Increased assessments by the NCUA coupled with more deposits and slower loan growth have put considerable strain on credit unions and they fear the impact of higher regulations, according to a report presented by NAFCU to the Federal Reserve Board today.
The "conservative and prudent management'' of many credit unions helped them weather the storm and many are well-capitalized and continuing to serve their members, the report added.
NAFCU presented the report to members of the Federal Reserve Board during the annual meeting that NAFCU's Board has with the Fed to discuss credit union issues.
One reason for the loan decline is that the recession and slow recovery caused federal credit unions to tighten their lending standards. According to a NAFCU survey taken in advance of the Fed meeting, 47.1% of respondents said they were tightening their standards for unsecured loans. That's a decline from 63.6% last year.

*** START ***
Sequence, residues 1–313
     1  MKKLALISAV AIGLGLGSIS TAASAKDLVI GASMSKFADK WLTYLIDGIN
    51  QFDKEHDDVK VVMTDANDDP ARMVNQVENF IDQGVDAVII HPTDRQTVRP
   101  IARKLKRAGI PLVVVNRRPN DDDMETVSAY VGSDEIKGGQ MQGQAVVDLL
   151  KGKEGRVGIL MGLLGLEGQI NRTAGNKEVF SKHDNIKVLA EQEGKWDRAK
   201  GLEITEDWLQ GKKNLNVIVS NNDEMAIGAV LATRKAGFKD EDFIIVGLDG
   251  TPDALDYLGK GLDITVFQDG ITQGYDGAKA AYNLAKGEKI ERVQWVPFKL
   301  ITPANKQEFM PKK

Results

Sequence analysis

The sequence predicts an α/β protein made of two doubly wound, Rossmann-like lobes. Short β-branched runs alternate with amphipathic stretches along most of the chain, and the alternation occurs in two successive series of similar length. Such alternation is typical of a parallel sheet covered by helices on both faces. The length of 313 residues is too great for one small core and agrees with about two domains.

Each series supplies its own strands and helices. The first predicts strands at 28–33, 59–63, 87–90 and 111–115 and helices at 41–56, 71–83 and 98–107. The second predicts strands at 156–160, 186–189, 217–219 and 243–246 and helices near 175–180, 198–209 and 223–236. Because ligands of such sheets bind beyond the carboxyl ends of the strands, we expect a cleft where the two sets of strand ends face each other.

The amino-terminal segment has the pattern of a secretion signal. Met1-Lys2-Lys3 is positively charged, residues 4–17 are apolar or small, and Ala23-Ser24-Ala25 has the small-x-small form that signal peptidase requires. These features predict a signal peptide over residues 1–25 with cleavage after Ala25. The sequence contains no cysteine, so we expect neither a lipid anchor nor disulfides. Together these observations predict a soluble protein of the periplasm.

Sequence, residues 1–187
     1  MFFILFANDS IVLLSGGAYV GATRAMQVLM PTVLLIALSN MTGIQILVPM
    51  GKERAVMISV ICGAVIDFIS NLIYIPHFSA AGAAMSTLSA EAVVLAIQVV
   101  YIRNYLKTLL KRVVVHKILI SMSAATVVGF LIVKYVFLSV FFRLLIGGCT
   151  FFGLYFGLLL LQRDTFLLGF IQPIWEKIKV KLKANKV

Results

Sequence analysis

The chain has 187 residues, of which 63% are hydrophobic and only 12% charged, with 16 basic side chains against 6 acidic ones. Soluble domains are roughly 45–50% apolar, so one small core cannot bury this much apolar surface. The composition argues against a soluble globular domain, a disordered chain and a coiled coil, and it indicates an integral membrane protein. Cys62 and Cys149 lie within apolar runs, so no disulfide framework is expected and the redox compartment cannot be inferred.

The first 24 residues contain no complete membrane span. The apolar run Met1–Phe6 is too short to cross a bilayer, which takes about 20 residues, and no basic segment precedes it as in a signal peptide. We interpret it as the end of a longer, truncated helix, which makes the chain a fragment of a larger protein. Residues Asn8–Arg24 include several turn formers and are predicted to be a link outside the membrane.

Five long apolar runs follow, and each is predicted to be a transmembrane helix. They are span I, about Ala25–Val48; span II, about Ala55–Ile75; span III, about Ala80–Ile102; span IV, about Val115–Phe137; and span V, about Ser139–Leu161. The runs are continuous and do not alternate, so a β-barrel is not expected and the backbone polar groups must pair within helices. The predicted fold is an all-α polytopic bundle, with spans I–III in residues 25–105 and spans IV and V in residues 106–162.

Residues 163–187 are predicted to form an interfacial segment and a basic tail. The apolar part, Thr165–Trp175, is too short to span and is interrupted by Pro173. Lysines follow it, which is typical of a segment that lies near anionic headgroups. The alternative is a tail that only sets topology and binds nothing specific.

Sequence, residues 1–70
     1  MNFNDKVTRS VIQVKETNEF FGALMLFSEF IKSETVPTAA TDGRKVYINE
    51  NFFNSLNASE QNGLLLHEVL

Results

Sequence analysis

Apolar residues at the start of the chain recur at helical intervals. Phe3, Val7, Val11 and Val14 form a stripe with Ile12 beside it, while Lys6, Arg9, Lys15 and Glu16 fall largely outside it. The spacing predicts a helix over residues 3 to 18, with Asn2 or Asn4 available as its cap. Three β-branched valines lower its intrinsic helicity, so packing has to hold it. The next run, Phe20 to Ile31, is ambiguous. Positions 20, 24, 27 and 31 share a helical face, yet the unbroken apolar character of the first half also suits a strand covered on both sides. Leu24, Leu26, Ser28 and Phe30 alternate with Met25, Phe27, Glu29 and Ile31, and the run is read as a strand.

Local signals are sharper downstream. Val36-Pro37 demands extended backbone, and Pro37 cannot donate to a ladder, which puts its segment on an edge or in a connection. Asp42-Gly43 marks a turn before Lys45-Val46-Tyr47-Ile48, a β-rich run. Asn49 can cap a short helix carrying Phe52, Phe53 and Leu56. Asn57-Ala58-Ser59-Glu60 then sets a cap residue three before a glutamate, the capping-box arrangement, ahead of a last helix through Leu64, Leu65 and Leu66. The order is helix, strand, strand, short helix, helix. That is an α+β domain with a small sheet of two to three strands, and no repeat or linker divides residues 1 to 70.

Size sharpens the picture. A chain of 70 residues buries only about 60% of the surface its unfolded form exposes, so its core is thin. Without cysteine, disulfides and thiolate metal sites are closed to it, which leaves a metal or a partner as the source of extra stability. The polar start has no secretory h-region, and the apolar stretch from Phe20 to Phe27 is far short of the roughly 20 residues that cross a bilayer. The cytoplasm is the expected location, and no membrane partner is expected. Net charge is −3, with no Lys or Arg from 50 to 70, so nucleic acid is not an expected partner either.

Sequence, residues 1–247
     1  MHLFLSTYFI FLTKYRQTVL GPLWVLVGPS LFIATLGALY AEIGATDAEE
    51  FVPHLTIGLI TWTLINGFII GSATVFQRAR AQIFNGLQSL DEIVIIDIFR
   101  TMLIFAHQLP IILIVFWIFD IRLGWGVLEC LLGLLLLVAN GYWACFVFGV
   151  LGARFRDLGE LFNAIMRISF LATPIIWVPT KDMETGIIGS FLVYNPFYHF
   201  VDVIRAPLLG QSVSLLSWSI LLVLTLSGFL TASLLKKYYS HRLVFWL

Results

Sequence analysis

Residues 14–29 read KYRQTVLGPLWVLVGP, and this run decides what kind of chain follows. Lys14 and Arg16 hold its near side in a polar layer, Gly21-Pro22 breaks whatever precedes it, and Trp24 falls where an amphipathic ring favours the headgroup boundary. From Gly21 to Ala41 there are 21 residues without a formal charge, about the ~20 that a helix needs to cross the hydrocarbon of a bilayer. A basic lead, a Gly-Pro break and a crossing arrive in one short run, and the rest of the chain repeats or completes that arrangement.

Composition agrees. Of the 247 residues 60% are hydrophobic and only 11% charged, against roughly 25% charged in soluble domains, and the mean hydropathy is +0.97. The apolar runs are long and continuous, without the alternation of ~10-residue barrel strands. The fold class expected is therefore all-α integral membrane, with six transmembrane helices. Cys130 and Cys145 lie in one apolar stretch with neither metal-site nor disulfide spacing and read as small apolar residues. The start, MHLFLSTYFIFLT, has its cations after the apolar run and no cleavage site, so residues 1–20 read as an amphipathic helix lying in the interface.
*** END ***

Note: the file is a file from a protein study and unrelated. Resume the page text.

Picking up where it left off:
The survey also found that 56.2% of respondents tightened standards on unsecured credit cards and 40.6% tightened standards on first mortgages.
Respondents cited rising delinquencies and charge offs, declining property values and funding source constraints as key reasons for the higher standards.
The survey also found that 71% of respondents had seen increased foreclosure notices in the past year and 63.1% had an increase in real estate foreclosures.
The problems of corporate credit unions not only caused natural person credit unions to have to pay more to the NCUA, but also caused them to rethink how much money they want to deposit in them. The survey showed that only 5.1% of respondents will increase their lines of credit at the corporates, compared with 7.3% last year.
NAFCU's biggest regulatory fears are the new regulations likely to be issued by the Bureau of Consumer Financial Protection that will be launched next year and the cap on interchange fees that Congress authorized the Fed to set.
To read the report, visit NAFCU's website.